Ph.D., University of California, Berkeley, Environmental Science, Policy and Management
M.P.P., University of California, Berkeley, Public Policy (2008)
B.A., University of Edinburgh, Scotland, Political Science (2000)
Science studies, environmental politics, public policy
I examine how ideas and expertise shape political processes in emerging democracies.
My dissertation, Contesting Democracy, Buying Experts: Environmental Conflicts and Assessments in Chile, examines how scientific and technical rationality are used in collective decision-making. Chile is a fascinating case study because its institutions and policies epitomize global governance trends: the privileging of markets, property rights, private initiative and “technocratic” decision-making, all seemingly deployed with great success. I analyze four emblematic environmental conflicts that challenge Chile’s development success story: a gold mine that threatened glaciers in the dry central Andes (2005); a paper and pulp mill whose pollution allegedly provoked the disappearance of hundreds of black-neck swans (2005); the near-collapse of the farmed salmon industry due to an illness epidemic (2008); and the proposed construction of five mega-dams in the Patagonia (2011).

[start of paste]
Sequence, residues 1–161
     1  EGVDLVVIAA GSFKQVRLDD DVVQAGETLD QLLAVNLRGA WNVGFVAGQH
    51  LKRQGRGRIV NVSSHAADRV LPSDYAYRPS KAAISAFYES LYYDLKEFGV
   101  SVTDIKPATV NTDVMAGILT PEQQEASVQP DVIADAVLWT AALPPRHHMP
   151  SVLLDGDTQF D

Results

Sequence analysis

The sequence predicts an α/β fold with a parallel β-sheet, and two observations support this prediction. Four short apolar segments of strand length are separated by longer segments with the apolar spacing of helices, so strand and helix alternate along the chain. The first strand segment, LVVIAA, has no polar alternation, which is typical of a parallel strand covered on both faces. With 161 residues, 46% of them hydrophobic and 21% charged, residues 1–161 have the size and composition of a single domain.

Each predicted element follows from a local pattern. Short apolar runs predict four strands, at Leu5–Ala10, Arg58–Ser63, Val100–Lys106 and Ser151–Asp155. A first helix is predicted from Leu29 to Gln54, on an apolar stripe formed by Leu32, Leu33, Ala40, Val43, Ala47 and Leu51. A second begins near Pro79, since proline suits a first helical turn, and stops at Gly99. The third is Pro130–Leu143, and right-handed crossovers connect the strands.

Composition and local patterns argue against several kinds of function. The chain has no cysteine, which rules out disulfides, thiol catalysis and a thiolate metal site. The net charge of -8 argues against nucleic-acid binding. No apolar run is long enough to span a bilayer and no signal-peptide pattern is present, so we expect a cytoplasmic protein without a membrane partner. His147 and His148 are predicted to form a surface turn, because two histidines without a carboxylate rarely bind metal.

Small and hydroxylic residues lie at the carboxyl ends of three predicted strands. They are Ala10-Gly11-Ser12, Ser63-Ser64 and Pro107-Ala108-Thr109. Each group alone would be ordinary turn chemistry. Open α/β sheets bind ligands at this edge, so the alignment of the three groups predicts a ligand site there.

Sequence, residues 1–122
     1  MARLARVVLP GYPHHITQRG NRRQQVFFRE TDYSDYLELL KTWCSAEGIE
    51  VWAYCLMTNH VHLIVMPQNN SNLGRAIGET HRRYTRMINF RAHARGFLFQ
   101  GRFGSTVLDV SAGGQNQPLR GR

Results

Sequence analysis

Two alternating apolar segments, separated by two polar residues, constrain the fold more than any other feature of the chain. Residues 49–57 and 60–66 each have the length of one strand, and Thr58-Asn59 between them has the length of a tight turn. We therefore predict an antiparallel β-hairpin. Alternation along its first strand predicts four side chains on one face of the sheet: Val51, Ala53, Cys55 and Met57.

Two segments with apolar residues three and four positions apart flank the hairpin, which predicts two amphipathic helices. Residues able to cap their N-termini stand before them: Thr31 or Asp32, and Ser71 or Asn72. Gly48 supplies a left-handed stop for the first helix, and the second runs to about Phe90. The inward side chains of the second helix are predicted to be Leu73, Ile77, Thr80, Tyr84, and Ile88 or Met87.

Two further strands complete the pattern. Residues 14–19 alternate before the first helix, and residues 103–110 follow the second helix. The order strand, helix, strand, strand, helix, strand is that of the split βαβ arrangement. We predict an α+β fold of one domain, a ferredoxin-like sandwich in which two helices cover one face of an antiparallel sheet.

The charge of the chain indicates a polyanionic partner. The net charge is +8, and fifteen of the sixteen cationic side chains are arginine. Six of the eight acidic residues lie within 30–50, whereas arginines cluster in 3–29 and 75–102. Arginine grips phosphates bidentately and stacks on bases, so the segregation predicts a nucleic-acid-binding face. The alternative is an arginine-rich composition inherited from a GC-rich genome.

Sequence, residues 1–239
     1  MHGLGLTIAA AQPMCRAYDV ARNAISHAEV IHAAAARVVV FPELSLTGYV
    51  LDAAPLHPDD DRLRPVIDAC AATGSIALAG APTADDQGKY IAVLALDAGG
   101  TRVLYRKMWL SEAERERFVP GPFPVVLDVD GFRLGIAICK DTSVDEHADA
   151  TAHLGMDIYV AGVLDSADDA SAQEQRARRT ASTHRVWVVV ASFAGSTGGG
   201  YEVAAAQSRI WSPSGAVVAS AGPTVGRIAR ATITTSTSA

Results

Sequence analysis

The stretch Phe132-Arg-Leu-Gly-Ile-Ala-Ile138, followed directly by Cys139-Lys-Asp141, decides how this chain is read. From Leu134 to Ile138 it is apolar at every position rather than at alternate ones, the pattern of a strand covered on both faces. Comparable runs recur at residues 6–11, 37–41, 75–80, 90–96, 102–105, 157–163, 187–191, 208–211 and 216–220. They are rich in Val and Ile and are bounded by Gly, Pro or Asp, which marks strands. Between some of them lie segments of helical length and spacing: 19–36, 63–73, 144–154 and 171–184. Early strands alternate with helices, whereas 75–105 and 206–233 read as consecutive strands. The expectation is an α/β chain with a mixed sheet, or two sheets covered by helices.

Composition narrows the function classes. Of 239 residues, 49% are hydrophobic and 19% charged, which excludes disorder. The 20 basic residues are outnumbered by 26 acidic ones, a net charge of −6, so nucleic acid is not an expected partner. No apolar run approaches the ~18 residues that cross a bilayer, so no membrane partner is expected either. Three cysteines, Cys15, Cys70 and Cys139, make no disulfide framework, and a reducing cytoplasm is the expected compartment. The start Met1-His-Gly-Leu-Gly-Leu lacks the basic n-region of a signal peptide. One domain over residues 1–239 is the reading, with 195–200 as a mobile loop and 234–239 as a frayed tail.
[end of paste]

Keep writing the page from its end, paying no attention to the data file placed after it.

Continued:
My dissertation examines how scientists are enrolled as experts in environmental impact assessments (EIAs) to interrogate how credible regulatory institutions are built in an emerging democracy. I find that the EIA itself becomes an object of controversy: it fails to legitimate projects, as in the gold mine and the Patagonian dams, and it fails to exercise accountability, as with the black-neck swans and salmon. I trace the EIAs’ failures to the different expectations actors hold about the adequate role of expertise and potential for conflicts of interest. These undermine scientists’ credibility and lead to the exclusion, for example, of environmental concerns from the regulatory process.
Barandiarán, Javiera. (2012). “Researching Race in Chile” Latin America Research Review. Vol. 47, No. 1., pp. 161-176.
Barandiarán, Javiera. (2012) "Threats and opportunities of proprietary science at the University Andres Bello in Chile" Higher Education. Vol. 63, Issue 2, pp. 205-218
Philbrick, M. and Barandiarán, Javiera. (2009). “The National Citizens’ Technology Forum: lessons for the future“ Science and Public Policy. Vol. 36, No. 5., pp. 335-347.
Barandiarán, Javiera, Taylor, M., and Rabinovici, S. (2010). "The Berkeley Nanoscale Materials Health and Safety Ordinance." Guston, D., ed., Encyclopedia of Nanoscience and Society. Thousand Oaks, CA: SAGE Publications.
Barandiarán, Javiera. (2010). "California and Nanotechnology." Guston, D., ed., Encyclopedia of Nanoscience and Society. Thousand Oaks, CA: SAGE Publications.
National Science Foundation (NSF) Doctoral Dissertation Improvement Grant (2010-2011)
Social Science Research Council (SSRC) Dissertation Proposal Development Fellowship (2009)
Govt. of Spain, Ministry of Foreign Relations Graduate Studies Fellowship (2008-2010)
Caja Madrid Foundation (Spain) Graduate Studies Fellowship (2006-2008)
Bioethics (Fall 2011)
Environment, Agriculture and Race (Fall 2009)
Research affiliate, Center for Integrated Nanomechanical Systems (COINS)